The love is mutual between Aussies and Tutankhamun, with the Pharaoh breaking visitor records at Melbourne Museum and extending his stay until 4 December this year.
Welcoming up to 500,000 since it opened in April this year, the Tutankhamun and the Golden Age of the Pharaohs exhibition originally dated to leave early November, will stay the extra month down under before leaving for his permanent residence in the new Museum in Egypt.
The exhibition shattered Melbourne Museum records before it opened earlier this year, with up to 150,000 tickets pre-sold and exceeding 500,000 visits before the end of the second last month.
“Tutankhamun is one of the most significant exhibitions ever to visit Australia. The extraordinary artefacts from ancient Egypt have attracted thousands of visitors from metropolitan and regional Victoria, as well as interstate and overseas,” Museum Victoria chief executive Dr J Patrick Greene said.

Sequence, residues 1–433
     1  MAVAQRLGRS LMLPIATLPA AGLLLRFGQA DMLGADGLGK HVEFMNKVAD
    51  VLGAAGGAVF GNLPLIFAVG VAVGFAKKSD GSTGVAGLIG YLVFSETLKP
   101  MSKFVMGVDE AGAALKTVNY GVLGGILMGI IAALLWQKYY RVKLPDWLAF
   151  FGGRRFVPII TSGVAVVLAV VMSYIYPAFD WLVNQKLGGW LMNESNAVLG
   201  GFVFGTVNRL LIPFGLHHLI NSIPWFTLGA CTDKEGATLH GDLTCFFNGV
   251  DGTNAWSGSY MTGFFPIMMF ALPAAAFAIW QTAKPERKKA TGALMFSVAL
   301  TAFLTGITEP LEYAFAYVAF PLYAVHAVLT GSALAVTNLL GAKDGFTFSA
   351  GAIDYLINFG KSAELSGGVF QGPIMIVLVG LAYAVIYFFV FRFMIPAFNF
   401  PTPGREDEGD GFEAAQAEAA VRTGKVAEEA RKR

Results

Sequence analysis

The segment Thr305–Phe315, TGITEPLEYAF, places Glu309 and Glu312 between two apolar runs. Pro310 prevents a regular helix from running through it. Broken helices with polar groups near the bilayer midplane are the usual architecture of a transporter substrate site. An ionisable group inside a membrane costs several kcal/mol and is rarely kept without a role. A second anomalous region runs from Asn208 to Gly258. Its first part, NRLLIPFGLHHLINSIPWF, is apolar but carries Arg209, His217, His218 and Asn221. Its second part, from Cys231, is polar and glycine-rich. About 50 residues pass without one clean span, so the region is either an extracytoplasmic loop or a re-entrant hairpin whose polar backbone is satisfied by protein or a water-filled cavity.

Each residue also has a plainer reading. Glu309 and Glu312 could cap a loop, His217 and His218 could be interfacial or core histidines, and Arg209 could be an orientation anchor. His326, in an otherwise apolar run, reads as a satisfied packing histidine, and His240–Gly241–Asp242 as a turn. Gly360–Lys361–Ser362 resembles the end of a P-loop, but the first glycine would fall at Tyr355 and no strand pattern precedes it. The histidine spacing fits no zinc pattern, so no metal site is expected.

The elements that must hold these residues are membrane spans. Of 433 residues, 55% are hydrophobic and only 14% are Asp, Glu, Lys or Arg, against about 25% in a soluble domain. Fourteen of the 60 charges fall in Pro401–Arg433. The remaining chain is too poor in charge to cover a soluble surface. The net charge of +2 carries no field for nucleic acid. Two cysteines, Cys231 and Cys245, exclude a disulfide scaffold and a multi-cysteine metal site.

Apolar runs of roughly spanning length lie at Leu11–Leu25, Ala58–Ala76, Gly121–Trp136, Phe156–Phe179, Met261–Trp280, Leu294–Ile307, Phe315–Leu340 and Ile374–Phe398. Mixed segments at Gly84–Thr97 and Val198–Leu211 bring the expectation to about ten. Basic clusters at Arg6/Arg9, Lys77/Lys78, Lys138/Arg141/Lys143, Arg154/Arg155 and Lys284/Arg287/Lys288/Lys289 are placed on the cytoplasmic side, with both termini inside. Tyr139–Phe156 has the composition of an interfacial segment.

“We are delighted that the exhibition will be extended until December 4, to allow even more visitors the opportunity to experience the wonders of these extraordinary treasures from King Tut’s tomb.”
In light of the successful exhibition, Dr Greene teamed up with Harry Burton, a colleague of the founder of Tutankhamun’s tomb, Howard Carter, earlier this year to publish a personal exploration on ancient Egypt.
Egypt: a fascinating journey delves into the facts behind the artefacts, highlighting individual pieces and their emphasis and use during the Golden Age.
“Tutankhamun’s tomb was small and hastily completed, but the sheer quantity and variety of the objects placed in it is staggering,” Dr Greene said.“As an archaeologist, I am in awe of Howard Carter’s achievement, which has yielded so much information that a hasty clearing of Tutankhamun’s tomb would have denied us.”
Source = e-Travel Blackboard: N.J